Yamaha YPG 535 – Weighted Digital Piano..

You might have chose to buy a digital piano as opposed to an acoustic piano for a lot of reasons, including accessibility of multiple tones, headphone playing capability, discounted price, etc. But before getting one, be sure you like the feel of the keyboard action. This is the way the keys feel when being played. It all is related to what sort of weighted keys the keyboard uses.

If you wish the feel of your acoustic piano, you will need a weighted keyboard. Many digital pianos will emulate the feel of digital baby grand piano by utilizing keyboard weighted keys. They can do this in multiple ways. Before we look at a number of the different keyboard weighted types, let’s obtain a quick knowledge of how an acoustic piano gets its “feel”

An acoustic piano utilizes a hammer striking mechanism. Once you press the keyboard keys it presses a lever. The lever creates a hammer to strike the strings. The hammer then bounces from the string. The real key returns to the resting position from the weight in the hammer and levers. It’s very natural feeling without any springs. It just uses the weight from the hammer and also the momentum from bouncing off the string.

This sort of feel is exactly what digital pianos attempt to recreate. So let’s consider the three varieties of keyboard actions.

Non-Weighted Keys

Non-weighted keys are very light feeling. They may be what organs and synthesizers use. Obviously, they do not possess the heavy, weighted feel that you get from an acoustic piano. While there is little weight and no hammers using momentum from bouncing off a string, these non-weighted keyboards must use springs to take the keys back to the resting position. The upside to this is that the keys are simpler to press allowing quick movement on the keyboard. The down-side is it feels nothing like an acoustic piano. Also, when keys so easily press down it is actually easier for the finger to barely graze a key that you had no intention of playing, building a noticeable mistake in your performance.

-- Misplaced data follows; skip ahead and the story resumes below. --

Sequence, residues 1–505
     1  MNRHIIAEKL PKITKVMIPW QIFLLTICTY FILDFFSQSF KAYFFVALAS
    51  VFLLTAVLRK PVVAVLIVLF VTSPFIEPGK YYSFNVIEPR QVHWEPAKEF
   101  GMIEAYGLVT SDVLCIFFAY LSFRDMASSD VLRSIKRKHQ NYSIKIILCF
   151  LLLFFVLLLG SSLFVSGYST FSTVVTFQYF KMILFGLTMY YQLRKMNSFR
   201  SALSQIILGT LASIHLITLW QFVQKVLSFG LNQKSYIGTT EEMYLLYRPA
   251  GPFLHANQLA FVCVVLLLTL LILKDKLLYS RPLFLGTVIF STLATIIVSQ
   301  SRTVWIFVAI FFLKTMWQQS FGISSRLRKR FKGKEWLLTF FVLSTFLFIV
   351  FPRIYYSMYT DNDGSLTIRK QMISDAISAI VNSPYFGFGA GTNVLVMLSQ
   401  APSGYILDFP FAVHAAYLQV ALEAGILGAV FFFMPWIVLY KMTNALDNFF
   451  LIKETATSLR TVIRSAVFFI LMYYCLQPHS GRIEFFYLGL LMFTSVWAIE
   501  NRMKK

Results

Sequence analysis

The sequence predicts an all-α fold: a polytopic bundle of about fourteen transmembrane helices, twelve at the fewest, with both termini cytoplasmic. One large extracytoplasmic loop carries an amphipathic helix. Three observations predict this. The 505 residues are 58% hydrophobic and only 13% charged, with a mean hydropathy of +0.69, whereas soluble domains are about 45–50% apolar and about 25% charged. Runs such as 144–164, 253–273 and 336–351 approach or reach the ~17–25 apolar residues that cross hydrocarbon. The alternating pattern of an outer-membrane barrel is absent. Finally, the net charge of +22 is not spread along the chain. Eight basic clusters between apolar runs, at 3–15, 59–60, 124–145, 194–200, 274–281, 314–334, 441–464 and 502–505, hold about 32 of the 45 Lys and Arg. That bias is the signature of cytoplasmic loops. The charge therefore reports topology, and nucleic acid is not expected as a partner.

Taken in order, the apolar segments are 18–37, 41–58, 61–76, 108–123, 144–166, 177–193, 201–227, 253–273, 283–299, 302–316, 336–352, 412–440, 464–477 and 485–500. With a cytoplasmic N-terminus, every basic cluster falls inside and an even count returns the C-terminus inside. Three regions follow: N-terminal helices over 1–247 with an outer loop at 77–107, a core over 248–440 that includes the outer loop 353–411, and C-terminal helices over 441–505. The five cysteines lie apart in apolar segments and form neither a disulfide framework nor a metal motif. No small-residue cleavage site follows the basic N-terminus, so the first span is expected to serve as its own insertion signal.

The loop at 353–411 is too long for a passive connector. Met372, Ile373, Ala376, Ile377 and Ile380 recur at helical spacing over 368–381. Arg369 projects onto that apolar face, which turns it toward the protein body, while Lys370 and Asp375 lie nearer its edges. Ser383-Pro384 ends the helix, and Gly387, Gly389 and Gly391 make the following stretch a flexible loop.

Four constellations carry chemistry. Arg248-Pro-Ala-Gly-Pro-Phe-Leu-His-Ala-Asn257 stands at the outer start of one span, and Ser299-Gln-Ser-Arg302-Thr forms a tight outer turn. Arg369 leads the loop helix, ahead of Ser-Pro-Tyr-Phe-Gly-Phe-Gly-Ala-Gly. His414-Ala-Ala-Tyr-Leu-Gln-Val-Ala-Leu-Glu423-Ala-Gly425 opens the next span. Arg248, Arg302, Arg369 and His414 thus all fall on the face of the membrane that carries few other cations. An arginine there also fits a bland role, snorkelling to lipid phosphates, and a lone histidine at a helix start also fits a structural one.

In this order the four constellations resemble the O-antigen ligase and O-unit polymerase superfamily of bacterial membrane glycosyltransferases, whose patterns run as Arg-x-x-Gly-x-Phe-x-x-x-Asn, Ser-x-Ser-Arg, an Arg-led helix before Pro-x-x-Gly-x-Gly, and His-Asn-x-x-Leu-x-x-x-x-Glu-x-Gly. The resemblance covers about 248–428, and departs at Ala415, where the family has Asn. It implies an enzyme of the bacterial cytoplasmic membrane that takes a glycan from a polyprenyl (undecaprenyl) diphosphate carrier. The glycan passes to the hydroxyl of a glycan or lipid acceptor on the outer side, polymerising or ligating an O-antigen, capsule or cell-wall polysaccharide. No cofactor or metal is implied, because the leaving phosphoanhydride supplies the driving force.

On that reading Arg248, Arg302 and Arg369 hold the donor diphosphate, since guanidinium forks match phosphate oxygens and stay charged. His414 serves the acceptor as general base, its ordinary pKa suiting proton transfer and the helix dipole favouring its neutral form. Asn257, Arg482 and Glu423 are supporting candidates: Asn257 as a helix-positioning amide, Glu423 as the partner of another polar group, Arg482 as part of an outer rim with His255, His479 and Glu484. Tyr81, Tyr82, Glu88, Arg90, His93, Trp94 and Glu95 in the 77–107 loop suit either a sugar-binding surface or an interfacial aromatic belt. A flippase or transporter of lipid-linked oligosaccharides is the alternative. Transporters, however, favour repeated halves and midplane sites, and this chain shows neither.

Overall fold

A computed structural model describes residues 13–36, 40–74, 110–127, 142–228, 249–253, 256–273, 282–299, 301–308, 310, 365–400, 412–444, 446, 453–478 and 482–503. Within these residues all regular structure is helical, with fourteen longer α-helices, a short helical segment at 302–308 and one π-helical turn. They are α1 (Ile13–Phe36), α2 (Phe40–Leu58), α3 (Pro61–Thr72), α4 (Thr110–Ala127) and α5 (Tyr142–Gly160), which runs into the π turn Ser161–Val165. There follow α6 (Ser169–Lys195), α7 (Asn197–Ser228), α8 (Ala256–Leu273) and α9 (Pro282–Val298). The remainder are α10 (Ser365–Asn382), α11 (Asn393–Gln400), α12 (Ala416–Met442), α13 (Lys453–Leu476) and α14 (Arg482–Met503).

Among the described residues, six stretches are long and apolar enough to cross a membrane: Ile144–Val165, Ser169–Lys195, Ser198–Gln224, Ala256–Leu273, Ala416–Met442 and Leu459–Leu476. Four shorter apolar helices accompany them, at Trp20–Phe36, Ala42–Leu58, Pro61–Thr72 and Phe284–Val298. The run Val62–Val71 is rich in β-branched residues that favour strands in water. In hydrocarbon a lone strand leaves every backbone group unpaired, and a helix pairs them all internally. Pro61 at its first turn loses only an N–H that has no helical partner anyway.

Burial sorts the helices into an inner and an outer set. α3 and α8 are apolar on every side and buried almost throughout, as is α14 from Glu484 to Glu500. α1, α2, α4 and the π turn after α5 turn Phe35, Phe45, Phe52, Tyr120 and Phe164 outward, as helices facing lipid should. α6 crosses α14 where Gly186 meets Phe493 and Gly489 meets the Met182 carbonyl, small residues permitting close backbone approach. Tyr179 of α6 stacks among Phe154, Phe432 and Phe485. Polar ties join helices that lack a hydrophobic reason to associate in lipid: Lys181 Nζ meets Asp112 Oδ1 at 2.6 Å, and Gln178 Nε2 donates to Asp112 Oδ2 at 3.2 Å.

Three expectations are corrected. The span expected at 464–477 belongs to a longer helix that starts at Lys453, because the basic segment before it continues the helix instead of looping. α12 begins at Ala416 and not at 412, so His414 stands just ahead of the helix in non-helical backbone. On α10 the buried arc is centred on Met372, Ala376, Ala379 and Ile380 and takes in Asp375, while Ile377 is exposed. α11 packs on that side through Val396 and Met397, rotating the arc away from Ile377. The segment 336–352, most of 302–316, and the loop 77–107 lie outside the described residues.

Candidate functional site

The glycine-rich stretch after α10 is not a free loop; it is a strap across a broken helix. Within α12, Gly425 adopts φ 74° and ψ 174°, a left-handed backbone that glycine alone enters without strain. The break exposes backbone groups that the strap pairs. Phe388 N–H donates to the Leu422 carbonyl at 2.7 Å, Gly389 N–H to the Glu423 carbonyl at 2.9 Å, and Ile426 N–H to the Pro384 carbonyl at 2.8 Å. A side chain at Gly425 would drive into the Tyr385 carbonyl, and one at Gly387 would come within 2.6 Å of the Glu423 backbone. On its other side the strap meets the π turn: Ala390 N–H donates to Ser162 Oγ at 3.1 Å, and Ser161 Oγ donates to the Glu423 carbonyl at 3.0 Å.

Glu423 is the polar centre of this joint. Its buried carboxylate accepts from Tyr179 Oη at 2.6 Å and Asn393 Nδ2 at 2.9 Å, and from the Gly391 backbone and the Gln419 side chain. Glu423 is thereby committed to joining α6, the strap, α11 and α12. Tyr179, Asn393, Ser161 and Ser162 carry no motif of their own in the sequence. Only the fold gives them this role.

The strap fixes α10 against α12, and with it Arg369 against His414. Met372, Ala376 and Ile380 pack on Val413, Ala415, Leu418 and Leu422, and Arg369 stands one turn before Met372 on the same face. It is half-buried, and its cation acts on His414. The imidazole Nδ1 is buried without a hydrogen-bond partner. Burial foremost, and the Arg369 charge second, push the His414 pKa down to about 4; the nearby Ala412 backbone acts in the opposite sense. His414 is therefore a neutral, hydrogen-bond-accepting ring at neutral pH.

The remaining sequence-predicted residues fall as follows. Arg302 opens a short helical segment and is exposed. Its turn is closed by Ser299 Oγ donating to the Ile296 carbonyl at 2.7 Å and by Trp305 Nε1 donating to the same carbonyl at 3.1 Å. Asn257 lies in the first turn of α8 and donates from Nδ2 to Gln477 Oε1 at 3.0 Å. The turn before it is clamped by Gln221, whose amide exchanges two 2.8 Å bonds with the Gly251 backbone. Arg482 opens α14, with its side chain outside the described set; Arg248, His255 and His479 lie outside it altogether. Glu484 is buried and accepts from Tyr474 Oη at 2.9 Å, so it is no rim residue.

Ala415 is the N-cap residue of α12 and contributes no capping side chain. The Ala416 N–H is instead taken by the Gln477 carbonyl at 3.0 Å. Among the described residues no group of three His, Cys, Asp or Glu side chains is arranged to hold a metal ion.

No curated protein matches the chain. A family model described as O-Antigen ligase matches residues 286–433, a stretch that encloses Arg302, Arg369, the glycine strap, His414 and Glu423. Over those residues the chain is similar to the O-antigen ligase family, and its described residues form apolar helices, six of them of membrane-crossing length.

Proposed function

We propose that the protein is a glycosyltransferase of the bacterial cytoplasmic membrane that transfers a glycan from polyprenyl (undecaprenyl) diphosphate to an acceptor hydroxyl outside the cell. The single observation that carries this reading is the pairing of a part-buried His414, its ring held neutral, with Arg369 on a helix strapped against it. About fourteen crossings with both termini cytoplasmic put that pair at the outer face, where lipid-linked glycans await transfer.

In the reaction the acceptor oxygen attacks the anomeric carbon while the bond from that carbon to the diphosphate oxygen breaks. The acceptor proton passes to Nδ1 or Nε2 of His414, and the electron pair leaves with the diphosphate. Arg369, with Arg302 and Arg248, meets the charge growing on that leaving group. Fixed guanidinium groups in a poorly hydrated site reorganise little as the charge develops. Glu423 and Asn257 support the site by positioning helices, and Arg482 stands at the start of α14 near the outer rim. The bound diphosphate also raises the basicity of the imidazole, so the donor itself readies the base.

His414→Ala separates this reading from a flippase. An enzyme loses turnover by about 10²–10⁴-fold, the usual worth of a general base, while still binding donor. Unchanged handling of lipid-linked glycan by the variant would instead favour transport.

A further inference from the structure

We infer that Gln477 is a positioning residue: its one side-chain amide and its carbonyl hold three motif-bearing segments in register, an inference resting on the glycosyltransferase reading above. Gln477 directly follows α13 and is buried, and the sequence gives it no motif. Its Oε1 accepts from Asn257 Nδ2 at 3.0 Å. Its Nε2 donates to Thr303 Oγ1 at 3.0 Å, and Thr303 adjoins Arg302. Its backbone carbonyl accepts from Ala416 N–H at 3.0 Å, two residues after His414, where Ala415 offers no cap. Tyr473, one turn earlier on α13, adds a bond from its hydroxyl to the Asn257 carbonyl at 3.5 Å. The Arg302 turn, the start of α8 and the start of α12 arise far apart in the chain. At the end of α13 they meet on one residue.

Weighted Keys

These keys possess a weight in them to give them some substance. The load means they are harder to press down, much like you’d expect on an acoustic piano. They are available near to feeling like an acoustic piano. However, they do not have any type of hammer mechanism inside them, so because aspect they will not think that an acoustic piano. The good news is that for any cheaper price this type of weighted keyboard comes near approximating the feel of an acoustic piano. The negative news is that you will always be lacking that “momentum” feel on the keys of the acoustic if the momentum from the hammer bouncing from the string plays a part in bringing the keys back to a resting position.

Weighted Hammer Action Keys

These types of weighted keys come the closest to emulating the feel of home digital piano. Keyboards using this feature use a hammer simulating mechanism to give you the feel of a moving hammer. Some digital pianos even use actual hammers, not simply a simulating mechanism. The big one you think of is Kawai’s AHAIV keyboard action. With these weighted keys you not only have the weight and resistance on the keys, however, you get the feel of the hammer’s momentum. Both features you receive with an acoustic piano keyboard.

Other Keyboard Descriptions

Before buying a digital piano, you will find other phrases that describe the keyboard action. The most typical one will be Weighted Scaled Hammer Action. What exactly does the term “Scaled” mean? It means that qqkxic keys emulate the feel of an acoustic grand piano when you are heavier on the lower notes and lighter on the higher notes.

Upon an acoustic grand piano, the reduced notes really are a little harder to press than the higher notes. To emulate that feel, digital piano manufacturers is likely to make their lower notes heavier. Other phrases you will find that describe this same thing are “Graded Hammer Action” and “Progressive Hammer Action.” Also, try to find the words “weight gradation” to indicate keys are heavier in the lower end and lighter in the high end.

Each manufacturer of digital pianos seeks to make their keyboard feel as near with an acoustic piano as possible. They are going to each do it in a different way based upon their technologies and patents. Every piano player will have their opinion about which digital piano feels “the best.” If you would like the feel of the acoustic piano at this point you know to narrow your list of best keyboard piano to those with weighted hammer action. But the only method to find out if you prefer the feel of the particular digital piano is to listen to it.